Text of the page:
Important structures for constructing and using the bearing-dial.

 

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When analyzing the bearing-dial we have to split into two phases: "Constructing and using the dial".

Constructing the bearing-dial.

The bearing-dial is made for 61'th latitude North (Greenland) and a declination around 19 (summer).

The edge of the inner circle of the bearing-dial is a gnomon = 6,9 mm (the height of the edge) throwing a shadow.

You can use the applet above making your own experiments with gnomoncurves and you can find more accurate analyses elsewhere on the site.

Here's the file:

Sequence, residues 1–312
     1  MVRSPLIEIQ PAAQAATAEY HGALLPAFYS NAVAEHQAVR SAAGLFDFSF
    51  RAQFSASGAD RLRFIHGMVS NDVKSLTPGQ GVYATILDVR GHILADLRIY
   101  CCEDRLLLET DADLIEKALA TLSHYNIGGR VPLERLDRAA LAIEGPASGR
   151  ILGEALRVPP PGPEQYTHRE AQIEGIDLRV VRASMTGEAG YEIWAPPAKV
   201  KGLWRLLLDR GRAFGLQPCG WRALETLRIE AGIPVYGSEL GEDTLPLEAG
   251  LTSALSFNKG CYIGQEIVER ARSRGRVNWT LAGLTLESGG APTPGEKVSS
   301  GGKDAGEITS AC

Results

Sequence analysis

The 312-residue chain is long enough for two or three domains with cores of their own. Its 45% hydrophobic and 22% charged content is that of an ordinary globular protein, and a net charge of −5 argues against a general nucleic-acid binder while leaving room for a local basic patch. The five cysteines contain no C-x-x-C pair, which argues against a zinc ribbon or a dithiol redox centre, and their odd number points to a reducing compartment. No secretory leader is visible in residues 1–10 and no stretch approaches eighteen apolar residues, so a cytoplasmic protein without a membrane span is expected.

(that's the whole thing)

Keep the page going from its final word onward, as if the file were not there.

The bearing-dial is constructed for latitude 61North and a declination = 19 (around summersolstice).
Marks for equinox.

Marks for wintersolstice around 48N.

Check the marks here.

 

Using the bearing-dial:

The "user" functions are: "Bearing the sun, showing points of compass and latitudes for land to explore". Click here seeing my experiments with a true model of the bearing-dial placed in the sun.

Of course the Norse could have used the bearing dial for navigational purposes, and I think they did when finding the four points of the compass, and the azimuth during the day - but I don't think that's the main purpose - because the bearing-dial is extremely sensitive for an exact horizontal state and I'm sure it is used mostly for stationary measurement.

You have to organise your society with some sort of a calendar and use some vital points of the day (the Norse called them "eykts" or daymarks), and that was a purpose as well.